The United Nations (UN) has finally acknowledged that it played a role in the cholera outbreak in Haiti that began nearly six years ago, and has killed thousands of people, and infected almost 800,000.
The Secretary General of the UN, Ban Ki-moon, admitted for the first time last week that the organisation was involved in starting the outbreak, and "needs to do much more" to fix the problem.
Cholera is caused by the bacteria Vibrio cholerae, which is transferred by human waste. Before 2010, Haiti hadn't had a cholera outbreak in more than 100 years, but in 2010, the disease began appearing along the Meille River.
It just so happens that it was shortly after a group of 454 UN peacekeepers had moved into a nearby base, fresh from a mission in Nepal, which was in the middle of a cholera outbreak at the time.
The base's waste flows into parts of the river, and scientists have since argued that this was the only possible cause of the cholera outbreak.
According to official stats, the epidemic has killed at least 10,000 people, but some researchers say the number could be much higher.
The UN has never accepted any level of responsibility until now, and have maintained they're immune from any legal action brought against them relating to the outbreak.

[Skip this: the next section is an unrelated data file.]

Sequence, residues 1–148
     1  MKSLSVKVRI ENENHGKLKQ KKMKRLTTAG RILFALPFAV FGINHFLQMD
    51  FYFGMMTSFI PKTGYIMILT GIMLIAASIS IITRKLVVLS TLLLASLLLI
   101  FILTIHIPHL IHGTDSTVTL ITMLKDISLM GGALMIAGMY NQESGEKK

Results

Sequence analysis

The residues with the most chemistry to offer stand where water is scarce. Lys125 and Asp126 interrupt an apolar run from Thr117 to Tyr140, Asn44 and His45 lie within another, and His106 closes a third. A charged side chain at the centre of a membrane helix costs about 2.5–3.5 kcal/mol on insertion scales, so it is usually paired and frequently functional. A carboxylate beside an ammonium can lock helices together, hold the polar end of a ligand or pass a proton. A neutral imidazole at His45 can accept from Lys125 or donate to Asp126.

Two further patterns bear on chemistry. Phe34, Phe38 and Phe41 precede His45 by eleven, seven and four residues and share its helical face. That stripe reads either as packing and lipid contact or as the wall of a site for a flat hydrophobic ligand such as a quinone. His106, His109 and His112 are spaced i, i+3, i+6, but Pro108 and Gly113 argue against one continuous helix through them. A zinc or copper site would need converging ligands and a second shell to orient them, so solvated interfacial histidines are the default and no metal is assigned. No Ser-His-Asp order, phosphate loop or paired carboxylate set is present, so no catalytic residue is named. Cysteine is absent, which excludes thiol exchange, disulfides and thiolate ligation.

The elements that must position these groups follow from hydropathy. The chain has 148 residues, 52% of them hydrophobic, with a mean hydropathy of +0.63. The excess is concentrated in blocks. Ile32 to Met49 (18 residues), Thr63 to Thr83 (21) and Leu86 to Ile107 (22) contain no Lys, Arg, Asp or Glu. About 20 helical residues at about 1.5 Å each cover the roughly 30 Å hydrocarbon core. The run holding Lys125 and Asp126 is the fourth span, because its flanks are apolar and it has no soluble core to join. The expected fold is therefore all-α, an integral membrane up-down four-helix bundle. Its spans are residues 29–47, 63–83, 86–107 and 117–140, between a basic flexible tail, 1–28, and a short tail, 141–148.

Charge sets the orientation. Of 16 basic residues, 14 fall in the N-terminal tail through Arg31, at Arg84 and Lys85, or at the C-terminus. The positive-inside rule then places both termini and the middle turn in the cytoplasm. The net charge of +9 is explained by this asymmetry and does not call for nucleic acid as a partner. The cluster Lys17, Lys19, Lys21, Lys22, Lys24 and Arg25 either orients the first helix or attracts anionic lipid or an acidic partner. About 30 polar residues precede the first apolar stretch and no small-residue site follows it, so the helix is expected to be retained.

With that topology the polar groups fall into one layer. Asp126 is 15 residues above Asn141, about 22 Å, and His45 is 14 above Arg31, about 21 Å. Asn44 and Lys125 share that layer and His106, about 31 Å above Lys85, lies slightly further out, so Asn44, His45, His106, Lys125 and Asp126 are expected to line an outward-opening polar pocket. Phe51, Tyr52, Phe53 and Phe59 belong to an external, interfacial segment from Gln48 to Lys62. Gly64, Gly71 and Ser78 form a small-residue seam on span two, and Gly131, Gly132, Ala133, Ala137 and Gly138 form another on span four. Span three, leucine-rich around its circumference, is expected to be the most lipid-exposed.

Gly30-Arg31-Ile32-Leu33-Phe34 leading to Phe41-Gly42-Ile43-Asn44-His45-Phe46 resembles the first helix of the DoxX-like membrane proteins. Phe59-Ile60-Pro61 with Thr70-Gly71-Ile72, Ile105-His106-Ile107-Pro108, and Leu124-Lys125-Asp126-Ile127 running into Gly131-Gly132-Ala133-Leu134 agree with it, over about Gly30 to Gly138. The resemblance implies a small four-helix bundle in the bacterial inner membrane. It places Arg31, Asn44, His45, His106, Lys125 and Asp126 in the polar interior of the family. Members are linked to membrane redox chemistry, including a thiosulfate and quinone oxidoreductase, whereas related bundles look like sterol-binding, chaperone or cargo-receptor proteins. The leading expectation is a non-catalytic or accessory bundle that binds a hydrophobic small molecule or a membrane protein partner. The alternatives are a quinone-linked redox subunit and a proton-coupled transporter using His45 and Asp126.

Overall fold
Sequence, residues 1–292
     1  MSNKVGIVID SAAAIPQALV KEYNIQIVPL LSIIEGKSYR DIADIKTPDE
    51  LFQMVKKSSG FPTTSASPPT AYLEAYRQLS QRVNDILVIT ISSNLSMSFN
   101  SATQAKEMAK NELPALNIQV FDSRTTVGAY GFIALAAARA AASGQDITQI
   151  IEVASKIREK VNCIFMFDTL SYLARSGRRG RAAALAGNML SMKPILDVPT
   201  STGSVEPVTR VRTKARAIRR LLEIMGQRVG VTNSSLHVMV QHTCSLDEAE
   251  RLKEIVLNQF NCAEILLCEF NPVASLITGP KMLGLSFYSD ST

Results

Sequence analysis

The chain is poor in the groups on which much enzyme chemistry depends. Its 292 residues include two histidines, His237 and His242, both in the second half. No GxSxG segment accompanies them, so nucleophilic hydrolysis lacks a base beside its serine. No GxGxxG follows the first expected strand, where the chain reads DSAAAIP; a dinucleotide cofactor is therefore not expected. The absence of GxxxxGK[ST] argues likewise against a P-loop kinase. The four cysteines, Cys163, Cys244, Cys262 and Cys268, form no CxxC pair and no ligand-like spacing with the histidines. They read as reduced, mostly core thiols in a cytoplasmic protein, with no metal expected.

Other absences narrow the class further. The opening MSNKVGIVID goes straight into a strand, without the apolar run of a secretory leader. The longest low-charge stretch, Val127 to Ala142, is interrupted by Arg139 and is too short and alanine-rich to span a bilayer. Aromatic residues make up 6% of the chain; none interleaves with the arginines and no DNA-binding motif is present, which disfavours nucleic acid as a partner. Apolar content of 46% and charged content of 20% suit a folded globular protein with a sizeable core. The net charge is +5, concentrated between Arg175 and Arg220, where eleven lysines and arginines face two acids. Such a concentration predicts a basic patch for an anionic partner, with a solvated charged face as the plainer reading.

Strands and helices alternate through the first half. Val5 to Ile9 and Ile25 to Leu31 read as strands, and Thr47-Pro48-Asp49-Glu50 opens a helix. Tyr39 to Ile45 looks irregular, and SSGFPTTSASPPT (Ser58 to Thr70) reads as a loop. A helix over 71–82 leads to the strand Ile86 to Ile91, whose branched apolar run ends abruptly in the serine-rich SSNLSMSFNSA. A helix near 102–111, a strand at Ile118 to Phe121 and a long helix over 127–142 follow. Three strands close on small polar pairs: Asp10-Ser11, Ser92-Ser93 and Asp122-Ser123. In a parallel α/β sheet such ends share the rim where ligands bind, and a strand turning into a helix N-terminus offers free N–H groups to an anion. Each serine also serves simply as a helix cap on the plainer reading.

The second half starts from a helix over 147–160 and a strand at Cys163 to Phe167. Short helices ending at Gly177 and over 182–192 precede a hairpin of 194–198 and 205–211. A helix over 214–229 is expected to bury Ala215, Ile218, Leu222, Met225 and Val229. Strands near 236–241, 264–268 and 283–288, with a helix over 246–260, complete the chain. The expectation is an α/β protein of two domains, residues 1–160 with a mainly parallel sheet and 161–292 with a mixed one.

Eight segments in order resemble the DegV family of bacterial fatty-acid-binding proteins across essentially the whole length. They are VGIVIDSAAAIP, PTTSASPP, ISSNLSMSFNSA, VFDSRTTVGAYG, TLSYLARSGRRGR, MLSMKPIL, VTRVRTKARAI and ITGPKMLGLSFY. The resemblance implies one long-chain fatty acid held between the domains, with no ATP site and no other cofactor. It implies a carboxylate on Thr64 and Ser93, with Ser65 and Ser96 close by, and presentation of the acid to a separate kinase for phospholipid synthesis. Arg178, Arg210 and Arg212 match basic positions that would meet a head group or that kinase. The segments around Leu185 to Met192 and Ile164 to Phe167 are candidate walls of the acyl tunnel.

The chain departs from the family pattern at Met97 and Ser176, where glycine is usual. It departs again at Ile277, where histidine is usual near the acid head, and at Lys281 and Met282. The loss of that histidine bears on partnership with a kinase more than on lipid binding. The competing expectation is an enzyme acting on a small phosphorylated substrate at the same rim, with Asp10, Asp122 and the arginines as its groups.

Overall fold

Unsatisfied with this response, one of the UN's experts, or 'special rapporteurs', Philip Alston from New York University, wrote a 19-page report on the UN's role in the outbreak.
He submitted it to Ki-moon on August 8, and the UN now has until the end of the week to respond. Ki-moon has now said the organisation "played a role" in the outbreak, but they need to decide whether to accept the reports' claims that they're entirely to blame.
The deputy spokesman for the secretary general, Farhan Haq, told The New York Times in an email this week:
"Over the past year, the UN has become convinced that it needs to do much more regarding its own involvement in the initial outbreak and the suffering of those affected by cholera ... a new response will be presented publicly within the next two months, once it has been fully elaborated, agreed with the Haitian authorities and discussed with member states."
This isn't the first criticism against the UN's work in Haiti. According to a study in PLOS Medicine in January, the UN could have reduced the probability of an outbreak by 91 percent if they had administered chemoprophylaxis treatments, which would have cost less than $1 per peacekeeper.
The worst part of all of this is that the cholera outbreak in Haiti still isn't under control, and the death toll continues to rise.
Let's hope this acceptance of responsibility is the first step towards the UN getting the situation under control.